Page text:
May 9, 2018
Earlier this year, a nursing skills fair was held for all Children’s Hospital nursing professionals. The introduction of simulation training and the involvement of the family advisor role made the annual educational offering particularly unique.
In addition to the mandatory training requirements like annual recertification for pumps, and infection control practices, attendees were able to participate in a simulated scenario that provided a realistic hands-on care experience in a safe and supportive learning environment. A key aspect of ensuring the scenario was as close to real-life practice as possible was having a family advisor participate to represent the role of the simulation mannequin’s parent.
Simulation mannequins provide learners with an active, real-time experience where the patient’s health is changing right in front of them and symptoms can worsen, or improve, based on the response of the team. It provides an opportunity for nurses to practice core competencies, flex their critical thinking skills in a high-pressure situation, and apply recent clinical research findings and new learnings to their practice. The inclusion of a family advisor added additional context to the experience.
“Simulation training is so valuable because it provides such a realistic experience, but does so in a safe learning environment,” says Kristen Dove, Clinical Educator, Children’s Hospital at LHSC. “When we started planning the skills fair for this year, we knew we wanted to ensure that our patient and family advisory council was actively involved and creating a family role within in the actual training was ultimately the greatest way for us to accomplish that.”
The inclusion of a family advisor role gave participants the opportunity to provide simulated care delivery in the presence of a concerned parent – allowing them to practice both core competencies for the physical care of the patient while also being an active partner with the parent. It was a fulsome training opportunity for the delivery of patient and family centred care.
After each scenario was complete the clinical educators led a debrief session, allowing the nurses and family advisor to discuss what went well and what could possibly be improved. Most importantly, this debrief provided another opportunity for nurses and family advisors to learn from each other’s unique perspectives and enrich the best practices for patient and family centred care.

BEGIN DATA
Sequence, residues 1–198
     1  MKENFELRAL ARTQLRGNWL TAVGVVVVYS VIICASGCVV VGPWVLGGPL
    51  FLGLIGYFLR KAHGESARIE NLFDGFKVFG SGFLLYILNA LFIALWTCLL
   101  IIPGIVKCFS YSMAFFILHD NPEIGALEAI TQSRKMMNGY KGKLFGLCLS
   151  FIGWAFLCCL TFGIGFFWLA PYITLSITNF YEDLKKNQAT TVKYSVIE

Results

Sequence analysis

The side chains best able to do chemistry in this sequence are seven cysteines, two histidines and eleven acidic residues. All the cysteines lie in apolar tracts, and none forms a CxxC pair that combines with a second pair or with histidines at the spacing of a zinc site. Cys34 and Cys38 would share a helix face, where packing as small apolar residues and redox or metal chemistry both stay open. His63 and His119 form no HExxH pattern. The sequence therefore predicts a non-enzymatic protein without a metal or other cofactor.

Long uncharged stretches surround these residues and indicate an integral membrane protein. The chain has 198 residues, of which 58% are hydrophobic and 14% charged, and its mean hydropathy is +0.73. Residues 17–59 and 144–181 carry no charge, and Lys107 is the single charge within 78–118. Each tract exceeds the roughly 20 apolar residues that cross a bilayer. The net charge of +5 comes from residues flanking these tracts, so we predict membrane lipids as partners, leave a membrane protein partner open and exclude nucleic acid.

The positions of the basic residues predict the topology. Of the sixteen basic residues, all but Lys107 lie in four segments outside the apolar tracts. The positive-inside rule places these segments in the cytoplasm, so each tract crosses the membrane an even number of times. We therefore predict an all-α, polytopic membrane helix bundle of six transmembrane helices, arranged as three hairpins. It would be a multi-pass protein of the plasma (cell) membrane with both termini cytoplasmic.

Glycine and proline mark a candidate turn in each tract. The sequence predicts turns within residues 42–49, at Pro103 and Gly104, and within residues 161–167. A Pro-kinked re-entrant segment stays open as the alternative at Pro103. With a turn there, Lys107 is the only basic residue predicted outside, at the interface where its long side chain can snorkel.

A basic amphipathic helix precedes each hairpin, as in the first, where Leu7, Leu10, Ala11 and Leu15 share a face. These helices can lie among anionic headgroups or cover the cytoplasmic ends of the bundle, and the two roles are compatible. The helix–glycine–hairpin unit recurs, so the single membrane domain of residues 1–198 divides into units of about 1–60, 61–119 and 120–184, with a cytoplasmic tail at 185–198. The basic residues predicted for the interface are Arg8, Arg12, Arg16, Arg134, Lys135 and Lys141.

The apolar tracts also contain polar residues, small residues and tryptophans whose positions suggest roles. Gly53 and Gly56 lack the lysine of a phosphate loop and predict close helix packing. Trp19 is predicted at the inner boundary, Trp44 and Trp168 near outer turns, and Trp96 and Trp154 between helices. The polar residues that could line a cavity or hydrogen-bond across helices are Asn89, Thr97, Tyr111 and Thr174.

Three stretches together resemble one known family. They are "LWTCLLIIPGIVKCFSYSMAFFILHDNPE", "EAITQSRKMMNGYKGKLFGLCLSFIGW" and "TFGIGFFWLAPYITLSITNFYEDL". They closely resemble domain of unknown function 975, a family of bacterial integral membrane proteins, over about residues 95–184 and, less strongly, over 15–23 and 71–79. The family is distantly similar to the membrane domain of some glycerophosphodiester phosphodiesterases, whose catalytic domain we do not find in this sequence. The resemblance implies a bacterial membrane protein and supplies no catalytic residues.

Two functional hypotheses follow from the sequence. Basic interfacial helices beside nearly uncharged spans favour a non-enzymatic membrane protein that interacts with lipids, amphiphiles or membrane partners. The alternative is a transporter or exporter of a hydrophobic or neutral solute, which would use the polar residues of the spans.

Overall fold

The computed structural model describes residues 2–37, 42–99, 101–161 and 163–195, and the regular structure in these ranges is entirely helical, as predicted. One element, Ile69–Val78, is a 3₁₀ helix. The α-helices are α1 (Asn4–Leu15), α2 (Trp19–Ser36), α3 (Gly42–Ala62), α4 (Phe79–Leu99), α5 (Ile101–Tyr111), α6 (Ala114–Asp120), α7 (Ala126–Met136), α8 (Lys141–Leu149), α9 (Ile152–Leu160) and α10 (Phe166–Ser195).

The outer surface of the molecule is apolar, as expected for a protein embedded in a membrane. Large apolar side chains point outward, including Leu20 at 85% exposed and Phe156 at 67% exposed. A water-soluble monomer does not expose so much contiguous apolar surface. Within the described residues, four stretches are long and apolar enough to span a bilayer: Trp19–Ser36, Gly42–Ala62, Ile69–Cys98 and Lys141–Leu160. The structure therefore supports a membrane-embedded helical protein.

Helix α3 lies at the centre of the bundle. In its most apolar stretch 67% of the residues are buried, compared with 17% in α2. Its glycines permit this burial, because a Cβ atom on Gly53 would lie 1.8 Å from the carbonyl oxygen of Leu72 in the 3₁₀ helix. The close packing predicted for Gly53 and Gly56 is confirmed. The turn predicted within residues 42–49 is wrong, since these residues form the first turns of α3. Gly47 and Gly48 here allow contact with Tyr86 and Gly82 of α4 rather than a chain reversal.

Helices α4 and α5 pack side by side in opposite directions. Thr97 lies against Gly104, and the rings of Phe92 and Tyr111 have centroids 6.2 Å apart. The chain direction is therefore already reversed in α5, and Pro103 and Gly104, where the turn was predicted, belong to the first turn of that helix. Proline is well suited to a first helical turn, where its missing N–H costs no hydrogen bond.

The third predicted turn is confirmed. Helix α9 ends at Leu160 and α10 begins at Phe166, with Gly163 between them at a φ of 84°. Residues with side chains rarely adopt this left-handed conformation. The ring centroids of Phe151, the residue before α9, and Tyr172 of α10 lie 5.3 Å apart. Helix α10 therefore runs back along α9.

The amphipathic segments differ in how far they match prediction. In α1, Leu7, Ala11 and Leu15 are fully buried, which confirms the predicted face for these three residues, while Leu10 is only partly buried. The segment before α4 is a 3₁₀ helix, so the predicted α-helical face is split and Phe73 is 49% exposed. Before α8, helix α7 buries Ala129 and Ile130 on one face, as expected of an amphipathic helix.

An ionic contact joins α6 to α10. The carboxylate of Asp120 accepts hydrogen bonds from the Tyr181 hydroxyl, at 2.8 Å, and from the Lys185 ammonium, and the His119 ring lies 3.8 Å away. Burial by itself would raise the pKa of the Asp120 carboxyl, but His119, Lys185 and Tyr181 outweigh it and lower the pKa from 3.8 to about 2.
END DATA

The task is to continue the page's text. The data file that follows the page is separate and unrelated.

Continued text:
For one family advisor that participated in the skills fair the experience was powerful. It not only reinforced their appreciation for the hard work that nurses exhibit every day, they felt it also demonstrated the importance of training in a multidisciplinary environment. If training ensures that everyone has a voice in the care delivery process, it ensures that everyone will have a voice in actual practice.
Dove adds, “Based on the feedback we received, the training sessions were a valuable learning tool for all participants whether they were a new nursing graduate or a 30-year experienced nurse – everyone took something away with them that they will be able to apply to their practice. We would be thrilled to be able to offer this type of comprehensive, experiential learning in future years.”
The simulation training at this year’s skills fair was made possible through a Patient and Family Centred Care Grant focused on education.
The integration of patient and family centred care principles is a key component of hospital Accreditation standards. As such, LHSC is pleased to continue its commitment to the provision of patient and family-centred care, and is in the process of recruiting even more patient advisors to inform a wide range of hospital change initiatives across our clinical areas.